The 7-2 vote came after the board had considered selling the property due to challenging financial times and maintenance issues associated with a 1920s-era building.
"Our facilities are a financial asset, and we are already developing plans to improve and increase utilization of them, even as our other programs and events continue to bring the arts out into the community," board president
Read said new members on the board, who were committed to keeping the venue, made the decision possible.
Harvest the Arts, a September fundraising event in its third year, will help finance the organization.
In addition to keeping the building, growing arts awareness in the community is another goal of the organization.
"We want to create some resident performance groups for young people," said Read, adding a youth choir group is in the works.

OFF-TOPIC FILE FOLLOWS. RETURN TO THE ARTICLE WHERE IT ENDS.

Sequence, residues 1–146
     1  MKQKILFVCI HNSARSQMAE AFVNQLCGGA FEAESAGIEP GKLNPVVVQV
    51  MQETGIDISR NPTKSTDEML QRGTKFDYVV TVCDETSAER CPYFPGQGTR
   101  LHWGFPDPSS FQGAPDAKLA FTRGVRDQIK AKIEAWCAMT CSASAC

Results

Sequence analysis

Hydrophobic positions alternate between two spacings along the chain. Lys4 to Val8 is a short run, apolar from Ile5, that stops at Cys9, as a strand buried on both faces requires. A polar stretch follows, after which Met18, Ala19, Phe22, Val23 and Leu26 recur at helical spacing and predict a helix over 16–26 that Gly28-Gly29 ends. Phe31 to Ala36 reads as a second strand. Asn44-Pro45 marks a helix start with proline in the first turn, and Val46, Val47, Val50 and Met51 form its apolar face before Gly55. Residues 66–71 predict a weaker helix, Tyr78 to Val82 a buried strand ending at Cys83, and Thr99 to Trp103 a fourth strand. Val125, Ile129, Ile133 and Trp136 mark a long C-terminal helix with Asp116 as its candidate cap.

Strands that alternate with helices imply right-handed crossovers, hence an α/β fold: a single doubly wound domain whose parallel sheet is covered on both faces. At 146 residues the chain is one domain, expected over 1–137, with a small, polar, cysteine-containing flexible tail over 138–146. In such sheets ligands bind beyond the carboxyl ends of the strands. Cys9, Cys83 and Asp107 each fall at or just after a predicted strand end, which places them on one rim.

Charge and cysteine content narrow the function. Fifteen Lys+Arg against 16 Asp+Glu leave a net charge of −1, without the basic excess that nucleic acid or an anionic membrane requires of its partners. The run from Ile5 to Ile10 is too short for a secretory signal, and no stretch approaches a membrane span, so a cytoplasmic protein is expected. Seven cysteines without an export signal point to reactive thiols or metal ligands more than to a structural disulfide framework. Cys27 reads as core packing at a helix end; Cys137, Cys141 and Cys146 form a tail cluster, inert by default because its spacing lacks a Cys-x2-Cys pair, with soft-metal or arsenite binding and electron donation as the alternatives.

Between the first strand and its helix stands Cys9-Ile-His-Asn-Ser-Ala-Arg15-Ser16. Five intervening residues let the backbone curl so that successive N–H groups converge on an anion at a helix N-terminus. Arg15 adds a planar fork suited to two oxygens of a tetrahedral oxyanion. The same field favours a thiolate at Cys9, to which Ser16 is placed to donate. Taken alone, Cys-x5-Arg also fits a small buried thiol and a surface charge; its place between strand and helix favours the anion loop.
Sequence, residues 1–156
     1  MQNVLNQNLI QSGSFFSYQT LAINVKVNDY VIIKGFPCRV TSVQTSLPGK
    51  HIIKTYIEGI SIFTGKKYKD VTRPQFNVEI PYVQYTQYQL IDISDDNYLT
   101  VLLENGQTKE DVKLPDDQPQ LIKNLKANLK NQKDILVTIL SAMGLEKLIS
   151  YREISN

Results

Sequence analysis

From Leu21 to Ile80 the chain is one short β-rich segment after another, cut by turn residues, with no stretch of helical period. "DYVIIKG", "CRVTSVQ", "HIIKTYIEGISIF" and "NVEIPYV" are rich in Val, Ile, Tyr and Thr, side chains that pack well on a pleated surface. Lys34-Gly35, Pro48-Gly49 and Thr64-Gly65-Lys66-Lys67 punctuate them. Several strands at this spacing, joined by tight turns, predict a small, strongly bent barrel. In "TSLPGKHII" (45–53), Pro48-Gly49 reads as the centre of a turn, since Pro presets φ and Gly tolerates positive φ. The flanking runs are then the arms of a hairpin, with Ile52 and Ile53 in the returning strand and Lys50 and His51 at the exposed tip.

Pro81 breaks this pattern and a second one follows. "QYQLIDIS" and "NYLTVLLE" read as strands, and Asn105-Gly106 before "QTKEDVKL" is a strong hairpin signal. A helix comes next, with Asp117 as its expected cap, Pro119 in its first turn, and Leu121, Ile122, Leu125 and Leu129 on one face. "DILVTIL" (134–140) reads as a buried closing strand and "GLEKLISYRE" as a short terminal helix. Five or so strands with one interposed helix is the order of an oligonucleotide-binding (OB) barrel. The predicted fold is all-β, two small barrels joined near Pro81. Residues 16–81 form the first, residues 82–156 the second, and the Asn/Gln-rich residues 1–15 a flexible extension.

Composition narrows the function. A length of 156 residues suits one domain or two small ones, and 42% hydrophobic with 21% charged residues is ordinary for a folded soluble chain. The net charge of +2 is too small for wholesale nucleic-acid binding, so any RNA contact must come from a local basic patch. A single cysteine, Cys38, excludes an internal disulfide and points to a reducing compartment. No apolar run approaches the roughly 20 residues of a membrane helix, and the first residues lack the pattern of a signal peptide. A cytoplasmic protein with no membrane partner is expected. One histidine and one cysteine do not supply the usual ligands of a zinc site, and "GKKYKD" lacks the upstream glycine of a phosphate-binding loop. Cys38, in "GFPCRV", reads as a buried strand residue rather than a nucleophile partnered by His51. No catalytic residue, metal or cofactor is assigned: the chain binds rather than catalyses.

Additionally, they have a monthly applause series on the books for October and the ongoing Art Everywhere program, where temporary art installations are shared with the community.
Top on the list of improvements are roof repairs, air conditioning and some interior drywall work and painting.
Read added that the 130-seat capacity room is a good size for a venue, and they've worked out agreements with surrounding businesses to allow for parking.
He said wheelchair access is available from the side of the building for patrons who need it.
"It's available to the public for a wide variety of events at a reasonable cost," said Read.
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